The brilliant Richard Burton exulted in his love of English. "I am as thrilled by the English language as I am by a lovely woman," exclaimed the great actor. Bill O'Reilly, however, kills it—the English language, that is. The TV personality has a segment on "The Factor," where he introduces his listeners to English words that he supposedly uses, but whose pronunciation he often botches. Botched this week was the verb "cavil," pronounced by Mr. OReilly as "kevile," emphasis on the last syllable. Evel 'Kevile'!
Mr. O'Reilly once introduced his viewers to the noun "chimera." The "ch" he enunciated as you would "ch" in "chimp." It is pronounced as a "k." Listen
. Conjugation doesn't come easily on the host's "Talking Points." These are festooned with errors like, "Laying around," when he means "lying around." Too many American writers have a problem with the verb to "lie." Why? You're lying
on the bed, you lay
on the bed last night, and you will lie
on it tomorrow. And by the way, a politician can both "lie" through his teeth and be made to "lie" down on The Rack
. They're a nimble lot.
In the early 2000s, when Mr. O'Reilly's column was featured on WND, he would make this same conjugation error. I was sufficiently piqued to drop him a polite note. He failed to reply. The mistake, however, was quickly corrected. Myself, I thank my readers profusely when they save me from myself, as they often do, and take this opportunity to ask that they keep their eyes peeled for future faux pas
Another common error in enunciation is "macabre." The Americanized dictionary supports the native habit of saying "macabra." Sorry. The "re" in "macabre" is silent. Still on enunciation: "PundiNts." Greg Gutfeld and Hillary Clinton, among many, share the habit of inserting an "n" between the "i" and the "t" when pronouncing the word "pundit." It's not there
. "Flaunting" laws instead of "flouting" them is an especially infuriating error of meaning even Colin Powell makes (although killing English is the least of the man's offenses, given that he helped lie the country
into a bloody war).
I recall running for cover, last year (1/3/2013), as Bob Costa
, National Review's youthful editor, spoke about a GOP revolt against House Speaker John Boehner. Costa said the following on the "Kudlow Report":
"… if he lost 17 Republican votes, that means he would have went
to a second ballot."
Noooooo. Flog him! Costa should have said, "He would have GONE." Together, let's conjugate the verb to "go," Mr. Costa. "I am going. I will go. I went. I have previously gone. I had gone. I would have gone." (My conjugation drill sergeant back in Israel was an ace English teacher from Germany; a Yekke
, in every way.)
Still, Bill O'Reilly and his ilk are semantic saints compared to the rotten writing—it comports with the aberrant thinking—taught in the American English department. In its December 12, 2008 issue, the Times Literary Supplement had some fun exposing the incomprehensibility factor in the impenetrable prose of a pompous graduate in the postmodern tradition:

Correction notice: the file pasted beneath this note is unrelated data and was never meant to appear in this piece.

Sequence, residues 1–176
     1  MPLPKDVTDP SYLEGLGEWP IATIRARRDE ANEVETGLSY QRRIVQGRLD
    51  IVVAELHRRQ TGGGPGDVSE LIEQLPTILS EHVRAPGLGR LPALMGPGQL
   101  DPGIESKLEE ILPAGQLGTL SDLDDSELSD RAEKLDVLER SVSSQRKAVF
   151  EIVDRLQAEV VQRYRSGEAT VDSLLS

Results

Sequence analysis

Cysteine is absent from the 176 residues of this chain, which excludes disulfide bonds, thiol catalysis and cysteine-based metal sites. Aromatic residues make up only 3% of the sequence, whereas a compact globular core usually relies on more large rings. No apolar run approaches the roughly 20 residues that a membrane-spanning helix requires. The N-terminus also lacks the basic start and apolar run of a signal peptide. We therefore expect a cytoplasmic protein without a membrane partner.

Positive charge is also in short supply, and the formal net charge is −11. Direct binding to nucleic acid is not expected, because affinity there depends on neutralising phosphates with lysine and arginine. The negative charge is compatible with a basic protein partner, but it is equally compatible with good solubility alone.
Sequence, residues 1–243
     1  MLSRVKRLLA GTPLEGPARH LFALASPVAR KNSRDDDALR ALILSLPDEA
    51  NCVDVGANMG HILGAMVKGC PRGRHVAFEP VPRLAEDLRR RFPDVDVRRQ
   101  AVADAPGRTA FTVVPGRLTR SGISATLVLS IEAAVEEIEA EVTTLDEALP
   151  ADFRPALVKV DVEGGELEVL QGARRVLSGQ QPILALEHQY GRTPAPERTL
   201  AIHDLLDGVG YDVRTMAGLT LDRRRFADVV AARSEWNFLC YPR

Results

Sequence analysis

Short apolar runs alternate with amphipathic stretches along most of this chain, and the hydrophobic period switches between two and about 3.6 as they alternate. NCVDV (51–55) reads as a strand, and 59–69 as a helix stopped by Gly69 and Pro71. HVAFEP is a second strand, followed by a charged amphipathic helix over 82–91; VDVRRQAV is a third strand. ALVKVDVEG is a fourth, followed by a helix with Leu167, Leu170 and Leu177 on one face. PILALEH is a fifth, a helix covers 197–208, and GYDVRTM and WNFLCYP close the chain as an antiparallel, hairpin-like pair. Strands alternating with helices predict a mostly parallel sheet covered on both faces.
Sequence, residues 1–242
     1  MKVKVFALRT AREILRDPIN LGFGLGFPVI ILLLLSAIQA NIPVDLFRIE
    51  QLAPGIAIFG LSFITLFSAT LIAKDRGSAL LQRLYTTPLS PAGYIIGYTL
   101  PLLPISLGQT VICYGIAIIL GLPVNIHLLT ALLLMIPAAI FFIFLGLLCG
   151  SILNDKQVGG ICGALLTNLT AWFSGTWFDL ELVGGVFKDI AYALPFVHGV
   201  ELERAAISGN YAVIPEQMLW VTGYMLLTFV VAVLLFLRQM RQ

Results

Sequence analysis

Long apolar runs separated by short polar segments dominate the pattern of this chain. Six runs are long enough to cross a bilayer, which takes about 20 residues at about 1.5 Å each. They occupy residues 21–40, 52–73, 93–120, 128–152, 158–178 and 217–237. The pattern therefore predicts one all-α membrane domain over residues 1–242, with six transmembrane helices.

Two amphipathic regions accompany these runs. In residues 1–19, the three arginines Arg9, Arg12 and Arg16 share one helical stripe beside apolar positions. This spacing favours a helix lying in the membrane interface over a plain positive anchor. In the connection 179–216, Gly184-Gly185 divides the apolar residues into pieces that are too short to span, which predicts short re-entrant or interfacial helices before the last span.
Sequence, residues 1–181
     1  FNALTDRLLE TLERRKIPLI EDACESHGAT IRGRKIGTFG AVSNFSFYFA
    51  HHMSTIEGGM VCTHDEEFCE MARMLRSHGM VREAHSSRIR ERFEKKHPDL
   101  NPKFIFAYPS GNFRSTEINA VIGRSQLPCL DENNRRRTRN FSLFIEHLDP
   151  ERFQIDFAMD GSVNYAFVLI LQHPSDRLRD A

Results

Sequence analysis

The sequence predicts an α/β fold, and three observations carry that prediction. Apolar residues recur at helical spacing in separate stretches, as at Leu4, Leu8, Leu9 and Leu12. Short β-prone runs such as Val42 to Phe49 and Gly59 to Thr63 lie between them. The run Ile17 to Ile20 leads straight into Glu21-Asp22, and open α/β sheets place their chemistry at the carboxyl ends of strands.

"Once the habit of writing comprehensible English has been unlearned, it can be difficult to reacquire the knack. Here is an example of a sentence which purports to be written in English, but which, we propose, is incomprehensible to all but a few. It is taken from 'Coincidence and Counterfactuality': Plotting time and space in narrative fiction by Hilary P. Dannenberg":
"Historical counterfactuals in narrative fiction frequently take an ontologically different form in which the counterfactual premise engenders a whole narrative world instead of being limited to hypothetical inserts embedded in the main actual world of the narrative text."
About Jane Austen's "Mansfield Park,"
the Dannenberg dolt writes that it "undertakes a more concerted form of counterfactualizing, in which both the character and the narrator separately map out counterfactual versions of the concluding phase of the novel's love plot."
In studied contempt, the TLS marveled that "Coincidence and Counterfactuality" "is published by the University of Nebraska Press. Just think: someone read the book and endorsed its publication, someone edited it, someone else set it in type, designed a cover, compiled an index, read the proofs—yet hardly anyone can understands what's in it." [Nobody reads these books.]
Now that's pellucid prose everyone gets.
A friend—she's a successful novelist—related this amusing incident:
"I once got hired by the University of Chicago to edit their academic press. The manuscripts were atrocious. I could not understand what was written, and used a red pen heavily in the margins of the manuscripts. After my corrections arrived, I was fired immediately. They told me I was not 'intellectually sophisticated' enough for the job. To which I replied: 'You're right: F-ck you.'"
Incongruously—after bemoaning the progressives, and how, having infiltrated America's institutions, they toiled to alter the meaning of the Constitution—Glenn Beck proposed revisionism of his own: rewrite the "Federalist Papers" so that Americans may understand these brilliant, but difficult, debates.
The founders' English, like Richard Burton's, is an essential part of the American heritage. Let's not lose it in translation.